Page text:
Inequality in Refereeing - Racism

Inequality in Refereeing – Racism

In this, the first of a three part series of blogs on inequality in refereeing, I will examine the effects which racism is having upon the game of football and I’ll also delve deeper to consider how referees and their careers are impacted by racism.

If you look at The Third Team Logo at the top of this article you will see an officiating team consisting of a black male, mixed race female & a white male. As a mixed race man, who was made very much aware of my difference to the other children around me as a young boy, at the beginning of my education, I have been passionate from the moment I conceived The Third Team that this business would be inclusive and compassionate to all referees. Much as I believe all opportunities in all walks of life should be open to anyone who has the talent for those positions and prejudging on the basis of skin tone, gender, sexuality or whether that person is wearing cultural dress should be a thing of the past.

In a world where issues of race and gender inequality are front and centre of the news headlines, I will explore the challenges that referees of all skin colours and genders face as they look to climb the refereeing ladder and how they’re received on the pitch.

Racism in Football

Many involved in professional and grassroots football believe racism in the sport is worse now than it was, even five years ago. The statistics tend to support this theory too, with the results of research conducted by Kick It Out, an organisation working to tackle discrimination at all levels of football, showing that: 

Reports of discrimination rose by 32%, from 319 to 422, in 2018/19 compared to the previous season. Racist incidents constituted 65% of those reports, the data shows. Racism continues to be the most regularly encountered form of discrimination and has increased “alarmingly,” Kick It Out says, with reports rising by 43%.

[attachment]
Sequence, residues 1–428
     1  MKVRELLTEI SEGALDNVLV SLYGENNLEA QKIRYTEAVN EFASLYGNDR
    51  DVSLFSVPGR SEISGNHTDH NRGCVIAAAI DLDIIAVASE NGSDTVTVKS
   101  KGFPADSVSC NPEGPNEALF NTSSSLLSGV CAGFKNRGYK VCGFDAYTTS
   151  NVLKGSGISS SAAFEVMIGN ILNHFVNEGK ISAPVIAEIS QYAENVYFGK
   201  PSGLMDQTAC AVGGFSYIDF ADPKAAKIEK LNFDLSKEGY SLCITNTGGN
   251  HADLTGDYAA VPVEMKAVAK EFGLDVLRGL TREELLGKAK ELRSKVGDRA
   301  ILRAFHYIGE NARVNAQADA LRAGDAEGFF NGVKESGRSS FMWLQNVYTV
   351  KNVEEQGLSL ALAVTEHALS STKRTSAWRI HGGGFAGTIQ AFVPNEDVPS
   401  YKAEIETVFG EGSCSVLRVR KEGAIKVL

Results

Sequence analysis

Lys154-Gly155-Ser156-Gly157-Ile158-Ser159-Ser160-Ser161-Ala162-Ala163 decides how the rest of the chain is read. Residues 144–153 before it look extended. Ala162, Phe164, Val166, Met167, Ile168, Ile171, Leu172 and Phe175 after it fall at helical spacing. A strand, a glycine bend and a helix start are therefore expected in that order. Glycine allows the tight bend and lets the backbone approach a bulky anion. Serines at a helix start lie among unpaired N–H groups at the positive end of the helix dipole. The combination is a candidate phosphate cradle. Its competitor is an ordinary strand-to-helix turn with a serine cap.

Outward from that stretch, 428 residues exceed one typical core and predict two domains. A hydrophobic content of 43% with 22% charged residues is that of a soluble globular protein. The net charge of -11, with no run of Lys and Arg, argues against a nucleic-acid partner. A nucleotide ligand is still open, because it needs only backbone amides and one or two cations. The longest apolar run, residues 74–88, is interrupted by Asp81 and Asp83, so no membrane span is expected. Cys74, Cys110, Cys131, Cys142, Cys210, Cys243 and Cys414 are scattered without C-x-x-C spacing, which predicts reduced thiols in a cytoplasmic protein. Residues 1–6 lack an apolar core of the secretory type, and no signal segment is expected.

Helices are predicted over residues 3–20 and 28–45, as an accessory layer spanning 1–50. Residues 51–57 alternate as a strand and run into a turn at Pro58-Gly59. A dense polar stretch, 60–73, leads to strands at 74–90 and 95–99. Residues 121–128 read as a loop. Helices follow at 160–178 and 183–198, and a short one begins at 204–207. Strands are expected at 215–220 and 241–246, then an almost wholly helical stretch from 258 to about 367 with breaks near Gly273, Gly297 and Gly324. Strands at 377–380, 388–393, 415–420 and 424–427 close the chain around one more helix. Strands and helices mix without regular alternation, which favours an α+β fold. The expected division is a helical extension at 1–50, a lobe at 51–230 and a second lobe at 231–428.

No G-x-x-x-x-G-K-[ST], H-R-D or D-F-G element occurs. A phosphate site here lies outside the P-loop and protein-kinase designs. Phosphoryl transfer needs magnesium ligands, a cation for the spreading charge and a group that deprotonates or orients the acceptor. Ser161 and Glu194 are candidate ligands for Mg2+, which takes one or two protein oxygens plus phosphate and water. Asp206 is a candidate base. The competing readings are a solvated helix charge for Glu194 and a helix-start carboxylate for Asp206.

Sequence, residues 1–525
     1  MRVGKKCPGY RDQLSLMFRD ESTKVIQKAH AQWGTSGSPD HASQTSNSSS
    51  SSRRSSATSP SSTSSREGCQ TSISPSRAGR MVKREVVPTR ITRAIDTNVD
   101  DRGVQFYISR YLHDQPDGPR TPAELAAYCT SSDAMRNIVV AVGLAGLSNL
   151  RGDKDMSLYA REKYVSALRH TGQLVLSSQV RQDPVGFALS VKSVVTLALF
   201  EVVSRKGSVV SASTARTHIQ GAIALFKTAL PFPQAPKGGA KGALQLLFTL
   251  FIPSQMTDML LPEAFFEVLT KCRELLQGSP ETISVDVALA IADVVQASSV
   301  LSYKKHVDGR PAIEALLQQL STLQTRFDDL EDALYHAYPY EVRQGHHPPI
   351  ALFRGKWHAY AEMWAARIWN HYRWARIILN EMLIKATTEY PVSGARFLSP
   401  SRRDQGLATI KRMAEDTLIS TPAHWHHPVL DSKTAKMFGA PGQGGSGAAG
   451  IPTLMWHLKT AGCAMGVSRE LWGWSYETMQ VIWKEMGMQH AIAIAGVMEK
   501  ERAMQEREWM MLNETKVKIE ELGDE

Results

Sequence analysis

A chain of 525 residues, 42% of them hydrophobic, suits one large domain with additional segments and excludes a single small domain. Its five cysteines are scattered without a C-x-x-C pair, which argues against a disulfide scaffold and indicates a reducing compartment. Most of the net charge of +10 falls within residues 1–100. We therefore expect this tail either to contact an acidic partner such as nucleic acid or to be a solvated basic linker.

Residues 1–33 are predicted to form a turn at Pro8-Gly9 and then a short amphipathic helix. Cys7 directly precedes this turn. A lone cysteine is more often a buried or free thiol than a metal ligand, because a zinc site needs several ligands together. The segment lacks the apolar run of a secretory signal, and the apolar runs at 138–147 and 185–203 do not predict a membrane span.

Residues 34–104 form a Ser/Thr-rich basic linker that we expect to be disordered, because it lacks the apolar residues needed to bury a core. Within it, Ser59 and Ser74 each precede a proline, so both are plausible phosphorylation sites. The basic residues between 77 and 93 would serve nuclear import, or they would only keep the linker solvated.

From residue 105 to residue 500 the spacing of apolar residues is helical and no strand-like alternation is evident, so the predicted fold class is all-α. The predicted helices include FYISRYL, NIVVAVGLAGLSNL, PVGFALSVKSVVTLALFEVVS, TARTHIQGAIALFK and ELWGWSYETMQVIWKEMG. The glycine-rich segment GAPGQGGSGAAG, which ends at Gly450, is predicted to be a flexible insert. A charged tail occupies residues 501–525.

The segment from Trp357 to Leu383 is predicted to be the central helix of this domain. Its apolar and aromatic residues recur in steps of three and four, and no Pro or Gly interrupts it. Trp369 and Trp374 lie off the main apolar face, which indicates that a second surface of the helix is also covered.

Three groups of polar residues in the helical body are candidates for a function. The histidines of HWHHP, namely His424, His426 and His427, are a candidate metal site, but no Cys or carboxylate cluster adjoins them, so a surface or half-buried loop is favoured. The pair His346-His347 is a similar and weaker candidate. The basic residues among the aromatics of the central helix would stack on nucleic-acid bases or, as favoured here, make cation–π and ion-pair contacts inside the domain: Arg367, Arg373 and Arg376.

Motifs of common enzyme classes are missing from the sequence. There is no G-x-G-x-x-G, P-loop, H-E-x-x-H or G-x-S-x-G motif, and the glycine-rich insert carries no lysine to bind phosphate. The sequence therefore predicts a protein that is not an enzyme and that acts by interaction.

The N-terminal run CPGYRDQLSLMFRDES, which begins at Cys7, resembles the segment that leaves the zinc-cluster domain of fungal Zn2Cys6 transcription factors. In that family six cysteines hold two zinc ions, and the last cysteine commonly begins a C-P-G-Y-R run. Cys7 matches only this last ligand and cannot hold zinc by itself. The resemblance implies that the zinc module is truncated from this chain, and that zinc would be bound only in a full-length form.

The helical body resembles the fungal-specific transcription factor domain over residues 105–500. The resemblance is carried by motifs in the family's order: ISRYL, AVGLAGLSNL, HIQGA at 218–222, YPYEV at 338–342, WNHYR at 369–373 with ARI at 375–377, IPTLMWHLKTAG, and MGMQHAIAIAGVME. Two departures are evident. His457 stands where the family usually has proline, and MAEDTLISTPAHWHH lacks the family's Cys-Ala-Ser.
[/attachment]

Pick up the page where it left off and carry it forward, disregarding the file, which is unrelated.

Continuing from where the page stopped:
The Chair of Kick It Out, Sanjay Bhandari, was recently quoted in an interview with CNN as saying: 

“Football is very different to what it was in the 1970s, racism is not the endemic thing that it was in the 1970s. Over a 40, 50 year period? We’ve definitely [made progress]. But it’s worse than it was five years ago, and it’s worse than it was seven years ago. So I’d say we used to be up there, It’s [racism] come down and now it’s bubbling up again. So our challenge is we’ve got to avoid the complacency of not going back to what it was in the 70s and 80s and thinking that: ‘Don’t worry, we never can do that’ [because] we could.”

Mr Bhandari also went on to discuss his experiences as an Asian football fan in the late 20th century: 

“I’ve been at games going way back, 30-plus years, where you were hearing the kind of chants about people of my colour, ‘I’d rather be a P*** than a ‘Jock’ I remember at Euro 96 in the England-Scotland game. In a few games at Wembley, elsewhere, following my team around the country, where I’d get singled out because I was often the only Asian person in a crowd of white people — my friends go into a game and you’d be singled out. I remember coming out of the cup final many years ago and a bunch of fans throwing their coffee over me and throwing their chicken dinner over me because they were upset that we’d won and they’d lost.”

Authorities in football such as FIFA, UEFA and national associations’ have been heavily criticised for what many perceive to be apathy when evidence shows a rise in racism. “UEFA’s sanctions are among the toughest in sport for clubs and associations whose supporters are racist at our matches,” the organisation said in a statement in October 2019.